Earle Haven report tabled in Qld Parliament

The report of the committee’s investigation into the closure of the Earle Haven aged care facility was tabled in the Queensland Parliament today.

 

The Health, Communities, Disability Services and Domestic and Family Violence Prevention Committee’s investigation followed the sudden and unprecedented closure of two residential aged care facilities at the Earle Haven Retirement Village at Nerang on 11 July 2019.

 

The closure followed a business dispute between People Care and Help Street, a company that was engaged to provide services at Earle Haven.

 

The closure saw almost 70 elderly and vulnerable residents removed from Earle Haven by Queensland Ambulance Service officers.

 

Committee chair, Mr Aaron Harper MP, told the Parliament that the sudden closure “should never have happened.

 

“The Earle Haven debacle has highlighted the disastrous consequences that occur when a nursing home suddenly ceases providing care to its residents.

 

“The committee has taken the bold step of making recommendations directly to the Federal government.

 

“These recommendations call on the Federal government to improve its regulation of the aged care sector in order to prevent any future similar sudden closures of residential aged care facilities”, Mr Harper said.

 

The closure came after regulators gave People Care ‘a string of second chances’ over many years to correct problems with the facility.

 

“Closer attention also needs to be paid to operating conditions in nursing homes and to ensure that residential aged care providers have proper disaster plans in place in case their residents ever need to be evacuated at short notice”, Mr Harper said.

 

Both the approved provider for the facility –People Care Pty Ltd -and the facility operator –Help Street –come in for strong criticism in the committee’s report.

 

As part of its inquiries into this issue, the committee received submissions from key stakeholders and then held three days of hearings. This included two days of hearings on the Gold Coast where the committee heard from former Earle Haven staff members and family members of former residents. The committee also heard from Mr Arthur Miller, Managing Director of People Care Pty Ltd.

 

Copies of the committee report are available from the Table Office and from the parliament’s online Tabled Paper’s Database - https://www.parliament.qld.gov.au/Documents/TableOffice/TabledPapers/2019/5619T2173.pdf

 

The Parliamentary committee's recommendations are:

 

Recommendation 1

The committee recommends that all options be explored to allow the residents evacuated from the facility to return to their home.

 

Recommendation 2

The committee recommends that the state government explore options to strengthen evacuation planning measures for residential aged care facilities, in consultation with federal government agencies responsible for aged care, to ensure they adequately cover the evacuation of residents and staff from facilities due to the sudden loss of care services.

 

Recommendation 3

The committee calls on the federal government to immediately institute business continuity checks, including equivalent vetting processes in relation to sub-contractor relationships, to prevent any recurrence of the Earle Haven disaster in other residential aged care facilities.

 

Recommendation 4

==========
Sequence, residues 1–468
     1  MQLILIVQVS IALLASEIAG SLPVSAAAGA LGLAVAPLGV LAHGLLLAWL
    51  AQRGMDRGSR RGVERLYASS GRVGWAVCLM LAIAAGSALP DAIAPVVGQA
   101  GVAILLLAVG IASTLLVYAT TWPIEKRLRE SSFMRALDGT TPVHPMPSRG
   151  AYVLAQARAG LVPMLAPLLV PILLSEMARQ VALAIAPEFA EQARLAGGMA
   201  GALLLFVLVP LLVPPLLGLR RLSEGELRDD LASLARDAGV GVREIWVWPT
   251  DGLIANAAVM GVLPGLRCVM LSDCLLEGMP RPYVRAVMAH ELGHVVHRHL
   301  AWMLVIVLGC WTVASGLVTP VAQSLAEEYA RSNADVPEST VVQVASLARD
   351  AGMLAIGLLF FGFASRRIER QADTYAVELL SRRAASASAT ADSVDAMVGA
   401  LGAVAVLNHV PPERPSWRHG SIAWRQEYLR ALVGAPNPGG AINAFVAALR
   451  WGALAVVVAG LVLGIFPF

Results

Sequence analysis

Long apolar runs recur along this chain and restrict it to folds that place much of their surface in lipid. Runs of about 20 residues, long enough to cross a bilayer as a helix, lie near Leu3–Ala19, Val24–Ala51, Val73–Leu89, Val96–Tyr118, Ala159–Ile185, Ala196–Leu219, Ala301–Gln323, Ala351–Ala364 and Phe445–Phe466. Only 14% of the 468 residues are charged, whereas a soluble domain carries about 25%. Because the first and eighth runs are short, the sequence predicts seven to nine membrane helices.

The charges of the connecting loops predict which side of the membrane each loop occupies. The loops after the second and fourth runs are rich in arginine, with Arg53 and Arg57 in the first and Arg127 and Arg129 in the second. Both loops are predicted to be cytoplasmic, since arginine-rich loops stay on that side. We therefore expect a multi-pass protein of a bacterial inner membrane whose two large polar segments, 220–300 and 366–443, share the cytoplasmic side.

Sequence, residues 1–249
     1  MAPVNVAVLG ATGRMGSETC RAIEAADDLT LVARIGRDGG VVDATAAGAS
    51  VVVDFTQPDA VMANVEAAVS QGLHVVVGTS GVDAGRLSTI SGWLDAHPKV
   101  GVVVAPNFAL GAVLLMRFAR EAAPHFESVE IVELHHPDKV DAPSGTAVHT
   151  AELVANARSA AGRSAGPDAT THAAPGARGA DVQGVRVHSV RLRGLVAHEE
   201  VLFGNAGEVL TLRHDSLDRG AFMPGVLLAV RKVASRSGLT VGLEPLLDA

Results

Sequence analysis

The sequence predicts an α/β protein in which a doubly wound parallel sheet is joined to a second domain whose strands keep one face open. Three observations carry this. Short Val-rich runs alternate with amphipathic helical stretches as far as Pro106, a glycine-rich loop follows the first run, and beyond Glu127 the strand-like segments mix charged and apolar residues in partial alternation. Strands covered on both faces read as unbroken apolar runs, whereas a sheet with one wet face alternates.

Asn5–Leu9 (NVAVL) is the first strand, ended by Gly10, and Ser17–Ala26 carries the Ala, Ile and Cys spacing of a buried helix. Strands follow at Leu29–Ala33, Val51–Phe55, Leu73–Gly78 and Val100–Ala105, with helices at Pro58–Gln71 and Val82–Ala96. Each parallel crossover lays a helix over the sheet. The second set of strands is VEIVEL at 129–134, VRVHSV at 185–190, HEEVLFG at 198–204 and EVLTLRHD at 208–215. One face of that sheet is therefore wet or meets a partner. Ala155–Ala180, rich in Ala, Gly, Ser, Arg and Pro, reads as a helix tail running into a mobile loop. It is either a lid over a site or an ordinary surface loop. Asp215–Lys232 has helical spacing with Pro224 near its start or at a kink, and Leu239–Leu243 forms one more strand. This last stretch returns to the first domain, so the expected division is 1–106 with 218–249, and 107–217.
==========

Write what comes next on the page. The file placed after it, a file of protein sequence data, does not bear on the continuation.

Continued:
The committee calls on the federal government to make sub-contractors equally accountable alongside approved providers for meeting quality and safety standards in the aspects of care they are sub contracted to deliver.

 

Recommendation 5

The committee calls on the federal government to better share ‘red flag’ information about operators of residential aged care facilities with state and territory governments and other regulatory bodies to prevent any recurrence of the Earle Haven disaster in other residential aged care facilities.

 

Recommendation 6

The committee calls on the federal government to improve transparency by implementing improvements in aged care sector reporting.

 

Recommendation 7

The committee calls on the federal government to increase penalties for significant non-compliance with quality and safety standards and review the capacity and powers of the Aged Care Quality and Safety Commission to effectively undertake this role.

 

Recommendation 8

The committee calls on the federal government to set up an independent Aged Care Commissioner to provide oversight of the aged care system in Australia.

 

Recommendation 9

The committee calls on the federal government to immediately review and redesign its aged care funding model to guarantee the ongoing financial viability of the aged care sector, ensuring the funding model reflects the actual cost of care and makes adequate provision for the increasingly complex care needs of aged care residents.

 

Recommendation 10

The committee calls on the federal government to ensure that a redesigned funding model includes an increase in wages for aged care employees with a long-term aim to achieve wage parity with other health care sectors.

 

Recommendation 11

The committee calls on the federal government to mandate the introduction of minimum nurse, care worker and support worker skill mix ratios and minimum average daily resident care hours in private aged care facilities.

 

Recommendation 12

The committee recommends that the federal government urgently examine and reform practices regarding physical and chemical restraints, and mandate staffing levels that will avoid these practices being used as substitutes for appropriate level of care and supervision.

 

See also “Viability warning: New analysis shows almost 200 aged care providers housing up to 50,000 older Australians are at risk”.

 

28 November 2019.